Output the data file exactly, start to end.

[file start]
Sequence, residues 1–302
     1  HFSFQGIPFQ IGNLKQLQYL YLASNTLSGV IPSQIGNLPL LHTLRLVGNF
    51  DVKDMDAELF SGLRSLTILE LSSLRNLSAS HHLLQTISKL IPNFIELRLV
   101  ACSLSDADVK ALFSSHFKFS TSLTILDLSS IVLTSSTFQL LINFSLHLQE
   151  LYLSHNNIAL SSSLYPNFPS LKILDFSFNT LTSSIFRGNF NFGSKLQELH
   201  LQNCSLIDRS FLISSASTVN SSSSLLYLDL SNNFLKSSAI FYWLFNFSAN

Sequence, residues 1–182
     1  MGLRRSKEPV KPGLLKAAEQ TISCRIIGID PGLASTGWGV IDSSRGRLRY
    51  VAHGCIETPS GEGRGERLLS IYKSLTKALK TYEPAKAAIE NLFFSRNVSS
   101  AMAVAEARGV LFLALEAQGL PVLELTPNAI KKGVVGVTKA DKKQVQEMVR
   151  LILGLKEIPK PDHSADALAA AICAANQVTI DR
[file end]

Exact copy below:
Sequence, residues 1–302
     1  HFSFQGIPFQ IGNLKQLQYL YLASNTLSGV IPSQIGNLPL LHTLRLVGNF
    51  DVKDMDAELF SGLRSLTILE LSSLRNLSAS HHLLQTISKL IPNFIELRLV
   101  ACSLSDADVK ALFSSHFKFS TSLTILDLSS IVLTSSTFQL LINFSLHLQE
   151  LYLSHNNIAL SSSLYPNFPS LKILDFSFNT LTSSIFRGNF NFGSKLQELH
   201  LQNCSLIDRS FLISSASTVN SSSSLLYLDL SNNFLKSSAI FYWLFNFSAN

Sequence, residues 1–182
     1  MGLRRSKEPV KPGLLKAAEQ TISCRIIGID PGLASTGWGV IDSSRGRLRY
    51  VAHGCIETPS GEGRGERLLS IYKSLTKALK TYEPAKAAIE NLFFSRNVSS
   101  AMAVAEARGV LFLALEAQGL PVLELTPNAI KKGVVGVTKA DKKQVQEMVR
   151  LILGLKEIPK PDHSADALAA AICAANQVTI DR